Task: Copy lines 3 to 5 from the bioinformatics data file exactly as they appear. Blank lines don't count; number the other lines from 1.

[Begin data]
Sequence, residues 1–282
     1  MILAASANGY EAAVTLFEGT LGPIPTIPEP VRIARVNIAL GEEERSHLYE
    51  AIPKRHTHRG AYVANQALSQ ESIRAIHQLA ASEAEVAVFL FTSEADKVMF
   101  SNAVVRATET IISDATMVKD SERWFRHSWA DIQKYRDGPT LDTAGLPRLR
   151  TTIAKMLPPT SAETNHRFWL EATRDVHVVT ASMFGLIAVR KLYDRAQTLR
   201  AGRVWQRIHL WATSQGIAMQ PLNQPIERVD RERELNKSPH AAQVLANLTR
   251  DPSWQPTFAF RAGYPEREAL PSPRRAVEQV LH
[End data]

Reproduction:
    51  AIPKRHTHRG AYVANQALSQ ESIRAIHQLA ASEAEVAVFL FTSEADKVMF
   101  SNAVVRATET IISDATMVKD SERWFRHSWA DIQKYRDGPT LDTAGLPRLR
   151  TTIAKMLPPT SAETNHRFWL EATRDVHVVT ASMFGLIAVR KLYDRAQTLR